The more obstinately you try to learn how to shoot the arrow for the sake of hitting the goal, the less you will succeed in the one and the further the other will recede. What stands in your way is that you have a much too willful will. You think that what you do not do yourself does not happen.
The right art, " cried the Master, "is purposeless, aimless! The more obstinately you try to learn how to shoot the arrow for the sake of hitting the goal, the less you will succeed in the one and the further the other will recede. What stands in your way is that you have a much too willful will. You think that what you do not do yourself does not happen.
You wouldn't expect ABC or any of the mainstream networks to take a position on immigration, health care, anything. But at Univision, it's different. We are pro-immigrant. That's our audience, and people depend on us. When we are better represented politically, that role for us will recede.
(On having being just proposed to) 'Have you been thinking of this for long?' she managed jerkily, praying for the shock to recede so that she could behave a little more normally. 'Let's say it crept up on me, ' he suggested lightly. That didn't sound very romantic. Muggers crept up on you; so did old age.
But even them, my pains, I understand ill. That must come from my not being all pain and nothing else. There's the rub. Then they recede, or I, till they fill me with amaze and wonder, seen from a better planet. Not often, but I ask no more. Catch-cony life! To be nothing but pain, how that would simplify matters! Omnidolent! Impious dream.
Thought and knowledge are natures in which apparatus and pretension avail nothing. Gowns, and pecuniary foundations, though of towns of gold, can never countervail the least sentence or syllable of wit. Forget this, and out American colleges will recede in their public importance whilst they grow richer every year.
Ralph Waldo Emerson
Oceans recede and coastlines wither and crack. Nations lapse; others soon swagger in their places. Mountains crumble to dust, rains vanish into the sea, winds return whence they came, and every city men build has but a jumble of bones for its foundation. What is your need to me? I am the Watcher in the Dark.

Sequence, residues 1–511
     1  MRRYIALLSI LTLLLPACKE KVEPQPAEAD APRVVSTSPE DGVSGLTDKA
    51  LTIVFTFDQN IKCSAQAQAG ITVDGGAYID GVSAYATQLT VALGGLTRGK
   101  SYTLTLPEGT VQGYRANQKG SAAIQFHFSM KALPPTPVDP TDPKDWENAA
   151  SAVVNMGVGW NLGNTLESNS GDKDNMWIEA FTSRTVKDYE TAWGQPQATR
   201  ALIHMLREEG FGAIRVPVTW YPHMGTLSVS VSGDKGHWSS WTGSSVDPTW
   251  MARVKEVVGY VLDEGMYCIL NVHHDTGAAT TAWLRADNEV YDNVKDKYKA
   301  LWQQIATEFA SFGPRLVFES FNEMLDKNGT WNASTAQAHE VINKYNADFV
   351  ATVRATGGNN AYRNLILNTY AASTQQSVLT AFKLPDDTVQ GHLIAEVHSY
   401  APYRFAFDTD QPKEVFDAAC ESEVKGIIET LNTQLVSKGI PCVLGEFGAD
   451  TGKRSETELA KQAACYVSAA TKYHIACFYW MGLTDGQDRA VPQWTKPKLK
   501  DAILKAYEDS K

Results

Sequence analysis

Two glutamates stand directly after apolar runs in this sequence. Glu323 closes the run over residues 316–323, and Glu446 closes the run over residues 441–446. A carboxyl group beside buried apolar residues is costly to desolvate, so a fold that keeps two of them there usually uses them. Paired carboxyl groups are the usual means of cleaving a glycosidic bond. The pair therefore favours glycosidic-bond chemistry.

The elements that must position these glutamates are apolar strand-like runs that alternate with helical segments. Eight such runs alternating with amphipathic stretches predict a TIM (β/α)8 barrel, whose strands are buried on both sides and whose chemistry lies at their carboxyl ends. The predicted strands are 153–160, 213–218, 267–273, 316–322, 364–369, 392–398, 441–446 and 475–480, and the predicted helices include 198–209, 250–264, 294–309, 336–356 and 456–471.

J. Aleksandr Wootton
Words were the bane of her existence. She drowned in them when all she wanted was silence, only to have them recede when one desperately-sought phrase would be the key to her salvation. Most things were like that: excess in times of abundance, and shortages in times of dearth. Life, she realized, was an unbalanced scale, and would never weigh in one's favor, struggle as one might.
I was an infant when my parents died. Thye both were ornithologists. I've tried So often to evoke them that today I have a thousand parents. Sadly they Dissolve in their own virtues and recede, But certain words, chance words I hear or read, Such as "bad heart" always to him refer, And "cancer of the pancreas" to her.
To make any future that we dreamt up real requires creative scientists, engineers, and technologists to make it happen. If people are not within your midst who dream about tomorrow - with the capacity to bring tomorrow into the present - then the country might as well just recede back into the cave because that's where we're headed.
Neil deGrasse Tyson
Wealth earned may disappear, beauty will fade, honor may recede and fame diminish; all that shall remain, is a soul that is humane within that would leave a trail in the thoughts of your loved ones;And even if that fails, your God in heaven above will never fail you or fail to rejoice in a life you've managed to live worthy of His praise.
Henrietta Newton Martin
When money and hype recede from the art world, one thing I won't miss will be what curator Francesco Bonami calls the 'Eventocracy.' All this flashy 'art-fair art' and those highly produced space-eating spectacles and installations wow you for a minute until you move on to the next adrenaline event.
In this glare of brilliant emptiness, in this arid intensity of pure heat, in the heart of a weird solitude, great silence and grand desolution, all things recede to distrances out of reach, relecting light but impossible to touch, annihilating all thought and all that men have made to a spasm of whirling dust far out on the golden desert.
Ambitious men spend their youth in rendering themselves worthy of patronage; it is their great mistake. While the foolish creatures are laying in stores of knowledge and energy, so that they shall not sink under the weight of responsible posts that recede from them, schemers come and go who are wealthy in words and destitute of ideas, astonish the ignorant, and creep into the confidence of those who have a little knowledge.
Honore de Balzac
The trick here is, while the actual pleasure begins to recede and blur, we simultaneously bring the imagined pleasure more fully into focus. And when we do, even the memory of the pleasure becomes more and more heightened and imagined, thus anticipation is increased. This kind of anticipation is the spiritual equivalent of a Cheeto and we want them to eat the whole bag.